Towards the middle of the third act, when Bond is hearing the classical motivations of the bad guy, Lyutsifer Safin (yes, Lucifer Satan… really guys?), he is told this by the main baddy:
“The thing that no one wants to admit, is that most people want things to happen to them. We tell each other lies about the fight for free will and independence, but we don’t really want that. We want to be told how to live. And then die when we are not looking.”
For all its faults, this line was a moment of brilliance. Because I believe this is a genuinely accurate summation of much of humanity.
Most people don’t want to take charge of their lives, because making decisions and being independent terrifies them. This is precisely why humanity was so easily cowed in recent years. Because their illusory bubble of safety was burst beyond repair. Safin here has just summarized how many ancient Pagan Greeks thoughts about life: just abandon yourself to fate, and let come what comes, we all die anyway, get out of life what you can. This nihilistic and fatalistic worldview is the worldview of much of the unregenerate world. And it makes sense why.
If you really believe this life is all there is, and you get very little of what you want, why would you want to be fully free? Why not just go with the flow, fit in, get what you can, and hope you die quietly and well. This is the materialistic worldview. This is how many people actually think.
It’s important that Bond doesn’t correct Safin here either. He doesn’t try to make a case for meaning in life, because he can’t. He is just as nihilistic himself, the difference is he kills for Queen and Country, whereas the bad guy kills for his own schemes. They are Ying and Yang, two equal and opposite forces destined to come up against each other. All he really says to Safin is shouldn’t we at least give people a chance? Wouldn’t it be nice to have a chance? This is a nihilistic perspective on life, that just happens to be a bit more benevolent.
For all its flaws the latest Bond movie captures something very well: how meaningless and nihilistic the material life is. At best people can hope to leave something of themselves behind. It was this same hopeless worldview that the Christian gospel broke into nearly two thousand years ago. And one of the reasons the gospel was so powerful was that it told people they were not bound by their fate, they could make a choice, and their choices really counted, not just for this life, but for eternity.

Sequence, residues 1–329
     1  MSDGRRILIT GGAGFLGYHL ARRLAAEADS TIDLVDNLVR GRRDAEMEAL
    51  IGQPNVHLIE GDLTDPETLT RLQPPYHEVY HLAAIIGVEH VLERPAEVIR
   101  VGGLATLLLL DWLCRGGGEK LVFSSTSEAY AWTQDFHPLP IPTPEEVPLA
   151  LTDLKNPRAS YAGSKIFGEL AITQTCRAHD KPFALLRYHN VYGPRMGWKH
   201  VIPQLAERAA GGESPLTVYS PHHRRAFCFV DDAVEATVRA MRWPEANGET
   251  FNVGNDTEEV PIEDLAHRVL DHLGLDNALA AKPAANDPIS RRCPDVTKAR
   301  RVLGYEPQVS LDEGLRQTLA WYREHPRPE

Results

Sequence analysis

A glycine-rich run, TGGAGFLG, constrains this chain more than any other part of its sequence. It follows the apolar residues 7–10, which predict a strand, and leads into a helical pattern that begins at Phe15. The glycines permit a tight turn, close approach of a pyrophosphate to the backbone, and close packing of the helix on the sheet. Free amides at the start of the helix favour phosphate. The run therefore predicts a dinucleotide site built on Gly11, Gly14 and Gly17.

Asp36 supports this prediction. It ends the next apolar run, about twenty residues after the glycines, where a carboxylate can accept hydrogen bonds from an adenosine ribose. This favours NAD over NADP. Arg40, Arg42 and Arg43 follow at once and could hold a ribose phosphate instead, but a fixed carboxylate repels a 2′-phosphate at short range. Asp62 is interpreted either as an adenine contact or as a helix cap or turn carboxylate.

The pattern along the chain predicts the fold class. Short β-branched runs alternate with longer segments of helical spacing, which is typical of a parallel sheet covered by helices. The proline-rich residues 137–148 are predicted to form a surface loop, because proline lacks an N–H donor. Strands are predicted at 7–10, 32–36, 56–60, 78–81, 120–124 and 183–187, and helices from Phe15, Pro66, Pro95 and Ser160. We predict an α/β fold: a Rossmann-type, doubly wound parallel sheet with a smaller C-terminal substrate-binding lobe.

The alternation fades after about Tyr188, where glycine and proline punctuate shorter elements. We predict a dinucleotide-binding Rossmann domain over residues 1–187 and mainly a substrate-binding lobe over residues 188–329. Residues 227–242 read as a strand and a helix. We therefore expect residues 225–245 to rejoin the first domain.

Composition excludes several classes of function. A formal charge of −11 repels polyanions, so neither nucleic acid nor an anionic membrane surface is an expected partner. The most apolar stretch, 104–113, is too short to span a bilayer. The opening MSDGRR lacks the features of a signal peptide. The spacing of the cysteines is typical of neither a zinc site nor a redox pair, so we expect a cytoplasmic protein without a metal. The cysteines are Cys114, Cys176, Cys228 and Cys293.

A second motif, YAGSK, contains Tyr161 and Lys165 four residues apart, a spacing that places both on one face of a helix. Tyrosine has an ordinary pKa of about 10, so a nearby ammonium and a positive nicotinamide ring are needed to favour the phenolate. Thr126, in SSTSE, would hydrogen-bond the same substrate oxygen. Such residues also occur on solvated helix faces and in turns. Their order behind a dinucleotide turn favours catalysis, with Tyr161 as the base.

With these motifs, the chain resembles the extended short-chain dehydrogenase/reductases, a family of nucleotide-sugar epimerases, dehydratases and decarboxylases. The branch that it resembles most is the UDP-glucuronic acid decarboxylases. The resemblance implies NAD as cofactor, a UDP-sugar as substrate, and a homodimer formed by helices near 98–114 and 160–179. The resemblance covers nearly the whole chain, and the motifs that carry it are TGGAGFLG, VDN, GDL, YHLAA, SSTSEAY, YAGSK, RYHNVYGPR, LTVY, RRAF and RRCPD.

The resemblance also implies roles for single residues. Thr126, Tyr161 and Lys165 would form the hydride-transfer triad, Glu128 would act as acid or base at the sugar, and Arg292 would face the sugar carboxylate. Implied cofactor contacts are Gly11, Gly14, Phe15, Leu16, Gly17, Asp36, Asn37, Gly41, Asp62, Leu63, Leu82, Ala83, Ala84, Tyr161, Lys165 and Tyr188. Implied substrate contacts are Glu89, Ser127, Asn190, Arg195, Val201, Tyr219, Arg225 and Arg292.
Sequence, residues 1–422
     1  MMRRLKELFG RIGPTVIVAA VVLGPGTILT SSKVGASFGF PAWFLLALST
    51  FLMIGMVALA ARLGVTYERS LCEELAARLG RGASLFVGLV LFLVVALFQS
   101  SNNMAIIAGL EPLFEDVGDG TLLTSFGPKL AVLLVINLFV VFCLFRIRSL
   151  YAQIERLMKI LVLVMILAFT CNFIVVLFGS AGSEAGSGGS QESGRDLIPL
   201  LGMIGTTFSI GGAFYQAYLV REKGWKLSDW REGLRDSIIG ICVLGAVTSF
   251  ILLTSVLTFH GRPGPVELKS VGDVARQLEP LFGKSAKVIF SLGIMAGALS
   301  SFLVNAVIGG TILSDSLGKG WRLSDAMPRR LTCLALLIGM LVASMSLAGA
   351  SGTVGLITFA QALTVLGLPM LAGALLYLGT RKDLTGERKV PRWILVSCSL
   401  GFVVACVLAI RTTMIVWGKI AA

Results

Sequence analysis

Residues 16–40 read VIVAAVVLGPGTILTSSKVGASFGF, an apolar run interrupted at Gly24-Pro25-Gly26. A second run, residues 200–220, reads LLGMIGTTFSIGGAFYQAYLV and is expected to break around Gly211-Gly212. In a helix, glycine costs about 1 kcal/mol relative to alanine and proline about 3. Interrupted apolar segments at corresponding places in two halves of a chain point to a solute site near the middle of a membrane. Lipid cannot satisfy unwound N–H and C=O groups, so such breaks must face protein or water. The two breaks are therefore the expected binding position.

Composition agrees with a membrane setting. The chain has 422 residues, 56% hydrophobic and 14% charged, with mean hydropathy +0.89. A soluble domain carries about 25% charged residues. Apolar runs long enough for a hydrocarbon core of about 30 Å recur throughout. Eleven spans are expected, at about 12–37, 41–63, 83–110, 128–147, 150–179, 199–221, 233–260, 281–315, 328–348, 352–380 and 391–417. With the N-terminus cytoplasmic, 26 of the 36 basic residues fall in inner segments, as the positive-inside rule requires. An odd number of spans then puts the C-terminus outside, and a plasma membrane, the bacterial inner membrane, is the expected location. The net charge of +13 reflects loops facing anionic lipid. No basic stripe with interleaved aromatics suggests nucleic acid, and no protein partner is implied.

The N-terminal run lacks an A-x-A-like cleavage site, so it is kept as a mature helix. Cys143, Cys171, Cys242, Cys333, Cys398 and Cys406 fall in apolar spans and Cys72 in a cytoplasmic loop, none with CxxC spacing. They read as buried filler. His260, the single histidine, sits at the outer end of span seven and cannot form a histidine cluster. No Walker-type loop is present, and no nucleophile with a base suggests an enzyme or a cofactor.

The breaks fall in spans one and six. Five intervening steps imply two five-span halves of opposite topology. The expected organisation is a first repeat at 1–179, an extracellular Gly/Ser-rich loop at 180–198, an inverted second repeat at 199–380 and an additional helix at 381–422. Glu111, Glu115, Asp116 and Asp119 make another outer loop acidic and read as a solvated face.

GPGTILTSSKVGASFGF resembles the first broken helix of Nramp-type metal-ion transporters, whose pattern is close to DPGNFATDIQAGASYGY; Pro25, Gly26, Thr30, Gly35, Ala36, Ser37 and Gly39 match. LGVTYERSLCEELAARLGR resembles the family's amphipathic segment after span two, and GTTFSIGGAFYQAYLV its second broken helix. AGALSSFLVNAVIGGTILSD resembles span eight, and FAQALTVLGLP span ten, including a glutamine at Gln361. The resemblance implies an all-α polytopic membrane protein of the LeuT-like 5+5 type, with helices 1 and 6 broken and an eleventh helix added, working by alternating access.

This concept revolutionized peoples lives and because of this, the whole western world was changed. Because the gospel gave people a hope beyond the summation of a man like Safin, that people were not just automatons living until they died. The gospel made people genuinely believe that having free will and a degree of independence mattered because how you used your actions would resonate into the eternal kingdom of the true King of kings.
It’s not stretching it at all to point out that the story in No Time To Die mimics the gospel. Bond gives his life so he can defeat the evil Lyutsifer Safin and save his loved ones. This is a mimic of the gospel story if I ever saw one.
The gospel tells us that Jesus, the Son of God, lived the perfect life none of us could live, and then died on the cross taking the punishment we deserved for our sins, in the process defeating sin, death and the devil. The key differences are that unlike Bond in the movie, Jesus rose again, and truly defeated Lucifer Satan. Another key and important difference is that the real gospel offers us real hope.
- It gives us hope that this life is not meaningless.
- It gives us hope that we can make a true impact on this world and the next through our actions.
- It gives us hope to forge a small part of this world where we can live in light of the good news that our king offers us.
- It gives us the hope to offer hope to others.
Maybe the reason No Time To Die felt so soulless is that it was trying to imitate the real good news, and as we know imitations never measure up. The movie reached for greatness, a greatness far beyond itself, and only managed to highlight how fatalistic mankind is without God in the picture. The authors of the script have some good insight into the hearts and minds of a large amount of humanity. But humanity can be so much more than their summation, if we just remember for Whom and by Whom we were made. The Lord Jesus Christ.